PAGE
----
joeyd999

Joined Jun 6, 2011
4,434
Great.
So, if you don't mind, I may use that analogy the next time a capacitance charge question arises (if you don't beat me to it). :)
I know some on this site don't like water analogies, but I think it can help newbies understand the basics.
I was thinking of patenting the idea. Care to pay royalties? :D
 

cmartinez

Joined Jan 17, 2007
7,177
I was thinking of patenting the idea. Care to pay royalties? :D
How about you get recognition as one of the greats instead?... imagine your picture printed on a t-shirt ... in a pose such as that of Che Guevara, staring at infinity ... a heroic champion to be perpetually remembered in posterity as the watershed intellect that changed the course of the history of electronics... everything would now be referred to as BJ and AJ ... :D:p
 

joeyd999

Joined Jun 6, 2011
4,434
How about you get recognition as one of the greats instead?... imagine your picture printed on a t-shirt ... in a pose such as that of Che Guevara, staring at infinity ... a heroic champion to be perpetually remembered in posterity as the watershed intellect that changed the course of the history of electronics... everything would now be referred to as BJ and AJ ... :D:p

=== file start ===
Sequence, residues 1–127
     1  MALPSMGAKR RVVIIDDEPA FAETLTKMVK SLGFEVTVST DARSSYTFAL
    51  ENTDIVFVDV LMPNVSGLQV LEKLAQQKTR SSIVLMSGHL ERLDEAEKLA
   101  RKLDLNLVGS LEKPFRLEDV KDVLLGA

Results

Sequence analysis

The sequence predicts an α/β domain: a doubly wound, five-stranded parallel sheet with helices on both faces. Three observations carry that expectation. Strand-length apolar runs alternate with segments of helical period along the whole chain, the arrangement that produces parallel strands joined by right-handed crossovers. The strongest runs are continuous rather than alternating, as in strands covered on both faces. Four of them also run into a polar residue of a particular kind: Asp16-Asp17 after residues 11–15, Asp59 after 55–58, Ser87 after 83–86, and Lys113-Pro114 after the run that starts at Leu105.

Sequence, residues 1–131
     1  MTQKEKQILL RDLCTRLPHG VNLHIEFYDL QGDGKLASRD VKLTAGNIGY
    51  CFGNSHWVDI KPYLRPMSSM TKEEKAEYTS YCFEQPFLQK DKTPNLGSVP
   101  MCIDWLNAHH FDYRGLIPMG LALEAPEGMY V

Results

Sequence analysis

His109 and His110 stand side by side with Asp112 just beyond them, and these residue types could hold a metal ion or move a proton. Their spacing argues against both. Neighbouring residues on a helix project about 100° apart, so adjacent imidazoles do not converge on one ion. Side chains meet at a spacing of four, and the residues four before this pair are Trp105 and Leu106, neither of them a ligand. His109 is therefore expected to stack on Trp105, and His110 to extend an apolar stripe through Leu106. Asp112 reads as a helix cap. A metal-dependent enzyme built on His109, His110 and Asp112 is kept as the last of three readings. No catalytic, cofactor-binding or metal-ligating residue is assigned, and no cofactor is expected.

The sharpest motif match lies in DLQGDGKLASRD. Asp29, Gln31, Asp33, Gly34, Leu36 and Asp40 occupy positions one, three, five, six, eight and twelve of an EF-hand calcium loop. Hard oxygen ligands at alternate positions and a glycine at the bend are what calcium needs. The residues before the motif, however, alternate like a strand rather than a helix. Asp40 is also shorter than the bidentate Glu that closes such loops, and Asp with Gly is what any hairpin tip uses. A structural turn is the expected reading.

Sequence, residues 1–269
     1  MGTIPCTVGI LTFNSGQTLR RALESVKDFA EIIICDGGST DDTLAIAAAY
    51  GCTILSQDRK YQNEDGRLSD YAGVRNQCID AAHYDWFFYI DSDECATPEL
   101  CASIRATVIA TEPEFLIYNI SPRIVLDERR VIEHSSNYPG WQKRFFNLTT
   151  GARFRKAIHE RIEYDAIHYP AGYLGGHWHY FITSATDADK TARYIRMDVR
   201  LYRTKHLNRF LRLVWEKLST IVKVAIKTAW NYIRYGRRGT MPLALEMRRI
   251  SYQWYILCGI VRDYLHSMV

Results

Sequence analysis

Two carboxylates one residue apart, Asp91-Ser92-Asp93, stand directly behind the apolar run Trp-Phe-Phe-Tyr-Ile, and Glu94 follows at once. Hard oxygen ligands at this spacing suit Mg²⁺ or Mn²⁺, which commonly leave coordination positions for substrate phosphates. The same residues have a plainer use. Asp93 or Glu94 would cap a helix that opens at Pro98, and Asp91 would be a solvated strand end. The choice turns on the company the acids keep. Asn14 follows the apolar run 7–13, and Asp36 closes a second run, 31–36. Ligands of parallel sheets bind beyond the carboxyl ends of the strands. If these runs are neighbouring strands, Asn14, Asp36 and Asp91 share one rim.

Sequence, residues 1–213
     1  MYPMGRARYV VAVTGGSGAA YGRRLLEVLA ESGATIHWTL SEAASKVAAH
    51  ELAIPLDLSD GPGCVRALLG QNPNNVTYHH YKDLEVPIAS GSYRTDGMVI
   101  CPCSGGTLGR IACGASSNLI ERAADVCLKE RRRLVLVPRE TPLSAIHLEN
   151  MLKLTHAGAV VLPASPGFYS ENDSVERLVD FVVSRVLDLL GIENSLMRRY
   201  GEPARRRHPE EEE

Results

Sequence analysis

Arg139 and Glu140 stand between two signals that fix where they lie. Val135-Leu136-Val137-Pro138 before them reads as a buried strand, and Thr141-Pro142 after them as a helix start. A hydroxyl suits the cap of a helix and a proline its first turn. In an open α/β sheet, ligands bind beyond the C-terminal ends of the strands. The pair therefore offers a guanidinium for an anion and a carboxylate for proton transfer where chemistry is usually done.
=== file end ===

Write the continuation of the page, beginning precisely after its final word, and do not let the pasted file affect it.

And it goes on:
I like BJs. Good idea.
 

Teljkon

Joined Jan 24, 2019
174
That fell apart quickly.

So in BR549's example and joes example both show that excess capacitance will drop voltage potential. Is that a fair conclusion of what is accurate? What I don't understand is logic dictates that pressure will have a different arc coming out of a cone than a cylinder with the same volume. I'm not an expert in laminar flow but water is my playground surfing diving etc. I would bet money a conical vessel will dissipate energy on a smoother arch than a than a cylinder think about how a toilet sucks down water it would be less effective in a cylinder toilet and a whole lot more gross. Although I might try to get a bj on one for bragging rights.
 

Teljkon

Joined Jan 24, 2019
174
Im still thinking about this even if i just plug into BR549's motives a little better he is really just looking for a better mathematical analogy than your standard water analogy.

What i should glean from this is

Pressure is voltage,
volume is capacitance
laminar flow is resistance
current is speed
whats amps?
 

cmartinez

Joined Jan 17, 2007
7,177
Im still thinking about this even if i just plug into BR549's motives a little better he is really just looking for a better mathematical analogy than your standard water analogy.

What i should glean from this is

Pressure is voltage,
volume is capacitance
laminar flow is resistance
current is speed
whats amps?
Teljkon ... see Joey's post #4 ... I think he hit the nail in the head with his analogy
 
Top